THE mystery of Darlington’s Skerne Bridge has been solved just in time for its grand reopening this week.

After years of neglect, the famous bridge has been revamped so there are now footpaths leading to it, a cyclepath going under it and an information board beside it.

The transformation will be revealed at a ceremony on Wednesday, which is the 192nd anniversary of its opening. This is a bridge of great history: it is the world’s oldest continuously operated railway bridge, and it was the largest piece of infrastructure on the world’s first proper passenger railway, and it is the only bridge to feature on the back of a £5.

But despite this fame, a contradiction persisted: why does the bridge look so humble on the only known drawing of it from its earliest moments, and yet on the most famous painting of it appears to be such a grand affair, with gracefully curving walls?

Research by Brendan Boyle, of the Friends of the Stockton & Darlington Railway, into the minutiae of the railway minute books appears to have revealed the answer: soon after it opened, dangerous cracks appeared and it had to be shored up by a stonemason from Heighington.

The bridge spans the Skerne at the north end of Darlington. This was the biggest ravine on the Stockton & Darlington Railway, which opened on September 27, 1825. Initially, George Stephenson was briefed to build an iron and stone bridge across the ravine, but then his first iron and stone bridge over the Gaunless at West Auckland was washed away, so the railway directors had second thoughts.

The price of iron also rose, so they ordered him to seek the advice of Ignatius Bonomi, the well-known Durham Cathedral architect who was also the county bridge surveyor. His plan was to fill the sides of the ravine with rubble and place a three arch stone bridge over the river: a large arch in the middle and two small pedestrian ones on either bank.

Francis Mewburn, the world’s first railway solicitor, laid the bridge’s foundation stone on July 6, 1824, and it was complete by early 1825. It cost £2,300 and, as befitted a Quaker railway, it was a simple affair.

On August 26, 1825, a month before the line opened, the Reverend John Skinner came driving up the Great North Road. He was a Somerset vicar who liked to travel the country sketching antiquarian items – his sketchbooks are in the British Museum.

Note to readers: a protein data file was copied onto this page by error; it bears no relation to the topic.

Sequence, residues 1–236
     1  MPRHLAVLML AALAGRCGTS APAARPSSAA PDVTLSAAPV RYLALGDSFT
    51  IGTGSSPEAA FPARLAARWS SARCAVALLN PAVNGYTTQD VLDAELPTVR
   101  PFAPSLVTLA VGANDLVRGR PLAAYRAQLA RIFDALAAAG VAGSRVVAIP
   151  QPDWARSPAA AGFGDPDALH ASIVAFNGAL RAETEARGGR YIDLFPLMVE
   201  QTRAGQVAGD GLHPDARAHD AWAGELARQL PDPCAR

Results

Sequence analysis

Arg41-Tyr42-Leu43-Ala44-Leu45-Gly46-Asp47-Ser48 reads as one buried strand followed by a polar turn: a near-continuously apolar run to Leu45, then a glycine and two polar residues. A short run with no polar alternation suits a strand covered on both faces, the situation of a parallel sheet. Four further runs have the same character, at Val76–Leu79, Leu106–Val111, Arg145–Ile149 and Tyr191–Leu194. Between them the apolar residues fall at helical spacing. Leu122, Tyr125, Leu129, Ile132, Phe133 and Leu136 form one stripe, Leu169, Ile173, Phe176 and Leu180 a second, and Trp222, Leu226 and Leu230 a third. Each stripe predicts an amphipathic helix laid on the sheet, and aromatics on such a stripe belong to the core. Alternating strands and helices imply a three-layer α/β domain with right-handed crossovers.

As he ventured north out of Darlington, the new bridge, despite its simplicity, must have stood out like a sore thumb, and as it was such a curiosity – a railway, what will they think of next? – he sketched it.

What really makes the S&DR important is that it was the first industrial-size railway in the world. Bonomi was undoubtedly very good at designing bridges for horses to trip-trap over, but no one anywhere had ever designed an industrial-scale railway bridge before.

The S&DR had expected to carry 10,000 tons of coal a year from Shildon to Stockton and a few passengers, but by 1828, it was carrying 52,000 tons plus 40,000 people – huge weights were going backwards and forwards over the bridge.

Brendan’s research shows that by late 1828, the embankments on either side were becoming dangerously damaged, and so the directors called upon their favourite stonemason, John Falcus Carter, to do some repairs.

Carter, born in Heighington in 1787, had already built the world’s first railway themed pubs for the S&DR: The Railway Taverns in Darlington and Stockton, and the Locomotion at Heighington station (which is actually in Newton Aycliffe). Plus, he had built the St John’s Crossing weigh-house at Stockton, which now stands rather forlornly beside four lanes of road traffic on 1825 Way.

So in 1829, Carter added gracefully curving walls to the Skerne Bridge to hold up the embankments.

His additions obviously worked, because in 1875, to commemorate the 50th anniversary of the S&DR, local artist John Dobbin was commissioned to paint an opening day scene. Dobbin, who grew up behind the Half Moon pub in Northgate, had been at the opening day when he was ten, so he remembered the buzz of the occasion but he couldn’t remember the details of the bridge.

So to refresh his memory, he went back down and, assuming that bridges don’t change much with age, painted it complete with Carter’s curves into his famous image.

Dobbin in 1875 may have been one of the last to see the southern face of the bridge in its full glory because soon a gasworks grew up in John Street, blocking the view. Large gas pipes were put across the river, obscuring the bridge, and the walks up to it were fenced off.

It remained locked away for much of the 20th Century, despite its starring role on the 1990s £5 note, and even when the gasworks vacated the site a decade ago, the bridge looked too shabby and derelict for anyone to care, except the vandals and drug-users who welcomed the shelter of Bonomi’s pedestrian arches.

Now, as part of the Skerne valley cyclepath, the area has been cleaned, a new footpath has been opened up from North Road, and the mystery has been cleared up in time for Wednesday’s unveiling.

WHAT became of John Carter? Brendan Boyle’s research shows that he died on January 23, 1831, aged 43. He is buried in St Michael’s churchyard in Heighington. He left three small houses in the village which were sold to support his widow, Jean, and their six children.